Bulleh Shah was believed to possess healing powers, and people travelled far and wide to come to him for their ailments. Fighting against the prevalent issues of caste, creed, and familial honour in 18th century Punjab, he devoted his life to art, despite initial misgivings from close family members.

More of a nomadic observer than a fighter, he still managed to shake the status quo, spinning out poetic verses to rival several of his famous contemporaries.

As one of his famous verses says:

Oh Bulleh Shah, let’s go there
Where everyone is blind
Where no one recognises our caste
And where no one believes in us.

As we silently walked out of the courtyard, I couldn’t help but think of Bulleh Shah’s undying message and compassion that is still revered today.

To see the wonderful pictures that go with the article click on the link below:


If you are interested in this subject I would advice you to read :

Of Sacred and Secular Desire: An Anthology of Lyrical Writings from the Punjab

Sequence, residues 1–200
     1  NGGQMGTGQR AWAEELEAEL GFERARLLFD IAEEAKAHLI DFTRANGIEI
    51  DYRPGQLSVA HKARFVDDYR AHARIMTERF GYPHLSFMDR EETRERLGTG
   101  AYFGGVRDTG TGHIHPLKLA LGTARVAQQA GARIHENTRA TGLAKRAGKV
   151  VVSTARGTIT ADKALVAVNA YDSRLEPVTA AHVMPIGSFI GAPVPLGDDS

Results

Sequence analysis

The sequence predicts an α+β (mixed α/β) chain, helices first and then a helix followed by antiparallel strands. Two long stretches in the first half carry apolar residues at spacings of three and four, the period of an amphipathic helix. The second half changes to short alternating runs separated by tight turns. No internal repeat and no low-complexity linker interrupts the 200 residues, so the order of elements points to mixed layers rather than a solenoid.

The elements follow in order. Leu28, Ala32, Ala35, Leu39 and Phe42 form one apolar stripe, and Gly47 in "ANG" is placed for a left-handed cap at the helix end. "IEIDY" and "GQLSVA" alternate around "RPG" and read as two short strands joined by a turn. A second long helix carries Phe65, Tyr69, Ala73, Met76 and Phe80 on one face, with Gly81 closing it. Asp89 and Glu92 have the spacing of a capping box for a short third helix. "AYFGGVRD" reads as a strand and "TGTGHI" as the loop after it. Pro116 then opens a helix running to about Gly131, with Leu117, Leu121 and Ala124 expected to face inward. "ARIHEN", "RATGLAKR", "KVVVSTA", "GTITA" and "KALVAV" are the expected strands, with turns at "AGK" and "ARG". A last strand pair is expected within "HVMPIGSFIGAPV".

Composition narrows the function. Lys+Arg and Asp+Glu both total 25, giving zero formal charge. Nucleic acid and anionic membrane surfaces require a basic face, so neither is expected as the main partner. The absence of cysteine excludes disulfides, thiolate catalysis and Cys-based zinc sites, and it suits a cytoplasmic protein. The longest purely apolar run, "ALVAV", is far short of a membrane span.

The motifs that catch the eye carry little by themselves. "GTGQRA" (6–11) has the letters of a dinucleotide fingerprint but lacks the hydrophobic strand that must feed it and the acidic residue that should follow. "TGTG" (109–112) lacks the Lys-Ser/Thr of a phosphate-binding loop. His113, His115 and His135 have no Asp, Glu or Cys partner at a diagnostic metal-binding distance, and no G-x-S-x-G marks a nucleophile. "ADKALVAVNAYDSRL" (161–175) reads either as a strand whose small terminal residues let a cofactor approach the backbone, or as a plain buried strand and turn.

by Nikky-Guninder Kaur Singh

Paperback, 288 pages
Published March 15th 2012 by I. B. Tauris
(first published January 1st 2012)

The Times of India – Pakistan’s plea for rehearing of Kulbhushan Jadhav case may cut no ice with ICJ

Sachin Parashar

New Delhi, 22 May 2017. While Pakistan is said to have sought a rehearing by the International Court of Justice (ICJ) of the Kulbhushan Jadhav case, it is unlikely that this will in any way lead to an annulment, or even dilution, of the interim relief already granted to India.

Acknowledging that Pakistan had violated the Vienna Convention on Consular Relations (VCCR), the ICJ had stayed the execution of Jadhav until the time it delivered its final judgement in the case.

If Pakistan challenges the jurisdiction of the Court, the ICJ may want to address its petition through separate hearings before looking further into the case made by India.

This, however, in no way will affect the provisional measures already granted, including the stay on Jadhav’s execution.

According to experts though, Pakistan could invoke Article 76 of the Rules of ICJ which says that at the request of a party the Court may, at any time before the final judgment in the case, revoke or modify any decision “concerning provisional measures if, in its opinion, some change in the situation justifies such revocation or modification”.